The best books for garden gourmets

William Woys Weaver Author Of Flavors from the Garden: Heirloom Vegetable Recipes from Roughwood
By William Woys Weaver

The Books I Picked & Why

The Golden Peaches of Samarkand: A Study of t'Ang Exotics

By Edward H. Schafer

Book cover of The Golden Peaches of Samarkand: A Study of t'Ang Exotics

Why this book?

Schafer transports you into extraordinary gardens of the past, in this case, Tang Dynasty China (pre-900 AD), it’s a scientific travelogue revealing the magic of discovery and the way people react to exotic foods.  In that sense it inspired me to seek out the unusual and to celebrate the cutting edge, which I certainly do in my own book. Also, as anyone can judge from the title, Schafer is keen on revealing inner “poetry” in the language of plants. 


When you buy a book we may earn a small commission.

Leaves From Our Tuscan Kitchen, Or How to Cook Vegetables

By Janet Ross

Book cover of Leaves From Our Tuscan Kitchen, Or How to Cook Vegetables

Why this book?

The objective of Ross’s book was to teach the English how to cook vegetables the Italian way (as opposed to boiling them to shreds). But this is also a romantic fling with the Mediterranean way of life and moving through it at a more humanizing pace. Ross also includes recipes, the part I like most, and like her, I also include recipes because if you are going through the trouble of growing your own food as an experiment in living a better way, come harvest time, it is important to know what to do with them. That should be the spiritual and culinary reward because it all comes together at the table.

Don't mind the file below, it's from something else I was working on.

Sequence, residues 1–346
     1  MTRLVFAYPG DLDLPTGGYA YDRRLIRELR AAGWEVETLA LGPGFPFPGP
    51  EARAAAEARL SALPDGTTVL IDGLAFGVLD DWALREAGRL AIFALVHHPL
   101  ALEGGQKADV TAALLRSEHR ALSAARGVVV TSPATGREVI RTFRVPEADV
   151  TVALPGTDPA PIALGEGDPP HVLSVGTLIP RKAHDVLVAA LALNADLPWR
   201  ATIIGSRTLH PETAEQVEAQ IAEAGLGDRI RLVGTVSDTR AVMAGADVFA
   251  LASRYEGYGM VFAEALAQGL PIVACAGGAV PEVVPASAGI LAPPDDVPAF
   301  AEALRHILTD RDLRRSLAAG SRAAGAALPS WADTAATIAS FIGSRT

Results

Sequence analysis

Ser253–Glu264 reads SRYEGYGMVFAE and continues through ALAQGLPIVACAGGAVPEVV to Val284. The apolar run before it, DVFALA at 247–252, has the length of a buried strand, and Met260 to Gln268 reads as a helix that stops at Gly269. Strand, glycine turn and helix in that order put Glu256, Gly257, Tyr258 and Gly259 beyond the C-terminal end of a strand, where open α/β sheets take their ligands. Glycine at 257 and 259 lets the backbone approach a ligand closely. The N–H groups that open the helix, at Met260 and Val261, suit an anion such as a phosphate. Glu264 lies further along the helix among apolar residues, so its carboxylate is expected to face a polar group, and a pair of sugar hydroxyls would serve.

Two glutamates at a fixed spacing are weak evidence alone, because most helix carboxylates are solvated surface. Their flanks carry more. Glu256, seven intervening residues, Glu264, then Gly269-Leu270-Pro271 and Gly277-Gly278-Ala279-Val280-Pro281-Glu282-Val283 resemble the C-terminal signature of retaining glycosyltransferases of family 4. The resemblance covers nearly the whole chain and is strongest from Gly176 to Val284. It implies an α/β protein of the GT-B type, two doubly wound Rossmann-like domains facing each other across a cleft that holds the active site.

When you buy a book we may earn a small commission.

Acetaria: A Discourse Of Sallets

By John Evelyn

Book cover of Acetaria: A Discourse Of Sallets

Why this book?

John Eveyln’s book is classic. He was the first person (in English anyway) to discuss exotic vegetables, even common weeds, in terms of healthy salads. The man was literary, very smart, and he knew how to cook. I have often used his recipes and surprising enough, he is as trendy today as he was in 1699. Furthermore, this book is a talisman for real foodies. My enthusiasm for Evelyn was shared by the late English author Jane Grigson, whose book is also on my list. 


When you buy a book we may earn a small commission.

Jane Grigson's Vegetable Book

By Jane Grigson

Book cover of Jane Grigson's Vegetable Book

Why this book?

I have all of Jane Grigson’s books and to me each one is special. Jane was a personal friend and while she lived in the UK and I lived in the US we often spent hours on the telephone discussing the finer points of pawpaws or persimmons.  We also shared the same birthday. Jane discovered she had cancer and decided to meet it head-on by shifting to a plant-based diet. That is her overarching philosophy, and it pervades her books. And while her books reflect that personal journey toward healing, they are also useful because like me she was an epicure with hoe, her food writing was not an abstraction, she wrote from hands-on experience. 


When you buy a book we may earn a small commission.

Epicure’s Garden

By Roy Genders

Book cover of Epicure’s Garden

Why this book?

Genders and Jane Grigson were kindred spirits, although Genders started out much earlier than Jane Grigson. I have all his books mainly because he deals with the unusual and enjoyed the challenge of trying something new (or in the case of rare heirlooms something old and forgotten). Genders’ books are practical guidebooks, so much so that they never go out of date. Serious cooks and gardeners keep his books close at hand because when you are stumped, just look it up in Genders: he will walk you through the problem. And not the least, he understood the meaning of freshness and flavor. He was a culinarian with a spade in hand. 


When you buy a book we may earn a small commission.

Closely Related Book Lists